Pro-Beijing lawmaker Regina Ip Lau Suk-yee has invited Hong Kong’s new pro-independence political party and student unions to meet and discuss localism. Her efforts, however, prompted blunt rejections.

In emails sent to the Hong Kong National Party (HKNP), the student unions of nine local universities, and the Hong Kong Federation of Students, Ip said: “In my opinion, localism itself is not a problem”.

“Who doesn’t love the city in which one lives?” she wrote. “Our society does not have a consensus on ‘who is a Hongkonger’ and ‘Hong Kong’s core values’ – in the long run, support for Hong Kong independence may harm Hong Kong.”

Regina Ip
Regina Ip. File

Ip added that it was up to the invited parties to suggest the time, location and form of the meeting.

‘Accomplice of the dictatorship’ 

However, the HKNP, whose formation was criticised widely by Beijing and pro-Beijing figures in Hong Kong, was not interested in meeting. It said that it had nothing to talk about with “an accomplice of the dictatorship” who tried to legislate the national security law during her tenure as the Secretary for Security.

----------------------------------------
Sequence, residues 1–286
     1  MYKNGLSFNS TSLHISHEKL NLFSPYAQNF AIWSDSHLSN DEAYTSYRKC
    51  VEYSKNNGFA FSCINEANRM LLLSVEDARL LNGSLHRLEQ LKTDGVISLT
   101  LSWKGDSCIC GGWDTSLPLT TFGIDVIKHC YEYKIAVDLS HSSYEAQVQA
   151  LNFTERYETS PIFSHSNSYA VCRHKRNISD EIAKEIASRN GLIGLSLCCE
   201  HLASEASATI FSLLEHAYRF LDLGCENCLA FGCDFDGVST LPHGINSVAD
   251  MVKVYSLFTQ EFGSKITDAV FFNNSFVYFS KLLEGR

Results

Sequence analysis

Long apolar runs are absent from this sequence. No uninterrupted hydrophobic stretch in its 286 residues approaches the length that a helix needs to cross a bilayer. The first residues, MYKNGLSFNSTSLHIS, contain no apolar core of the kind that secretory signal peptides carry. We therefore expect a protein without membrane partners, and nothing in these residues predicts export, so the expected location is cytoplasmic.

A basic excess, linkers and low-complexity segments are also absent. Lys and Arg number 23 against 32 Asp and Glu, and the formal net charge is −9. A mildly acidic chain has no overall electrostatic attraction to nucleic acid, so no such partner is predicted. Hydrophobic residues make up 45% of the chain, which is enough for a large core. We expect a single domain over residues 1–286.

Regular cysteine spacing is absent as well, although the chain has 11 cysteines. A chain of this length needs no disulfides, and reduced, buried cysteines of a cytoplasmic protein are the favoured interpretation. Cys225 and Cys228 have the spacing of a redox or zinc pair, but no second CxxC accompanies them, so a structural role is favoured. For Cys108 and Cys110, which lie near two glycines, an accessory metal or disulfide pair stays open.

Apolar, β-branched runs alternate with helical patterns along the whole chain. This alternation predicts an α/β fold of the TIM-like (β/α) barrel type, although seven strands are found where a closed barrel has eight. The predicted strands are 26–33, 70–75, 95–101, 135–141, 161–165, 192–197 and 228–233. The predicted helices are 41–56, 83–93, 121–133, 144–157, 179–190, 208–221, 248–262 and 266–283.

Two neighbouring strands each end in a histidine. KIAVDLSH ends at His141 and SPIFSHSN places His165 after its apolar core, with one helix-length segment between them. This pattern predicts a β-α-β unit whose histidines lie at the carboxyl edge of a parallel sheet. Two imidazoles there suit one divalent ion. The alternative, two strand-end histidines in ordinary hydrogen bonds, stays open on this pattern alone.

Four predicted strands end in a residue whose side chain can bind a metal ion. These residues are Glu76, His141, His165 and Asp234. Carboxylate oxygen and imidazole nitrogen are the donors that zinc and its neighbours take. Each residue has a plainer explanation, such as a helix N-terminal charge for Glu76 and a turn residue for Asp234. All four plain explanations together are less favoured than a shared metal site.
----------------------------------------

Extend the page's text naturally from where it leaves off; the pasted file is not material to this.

On Facebook, the party said it would not meet unless Ip “realises her error and mends her ways, detaches from the pro-Beijing camp [and] support Hong Kong independence”.

hong kong national party chan ho-tin
File photo: Hong Kong National Party, via Facebook.

The student union of Shue Yan University also rejected Ip.

“Thank you for the invitation, we kindly decline,” the union said on its Facebook page, accompanied with a hashtag “do not collude with criminals”.

Ip – who is rumoured to be standing for Chief Executive next year – then told Ming Pao on Friday that she still hoped to meet the invited parties in the future: “It is always good to have more communications,” she said.

Kris Cheng is a Hong Kong journalist with an interest in local politics. His work has been featured in Washington Post, Public Radio International, Hong Kong Economic Times and others. He has a BSSc in Sociology from the Chinese University of Hong Kong. Kris is HKFP's Editorial Director.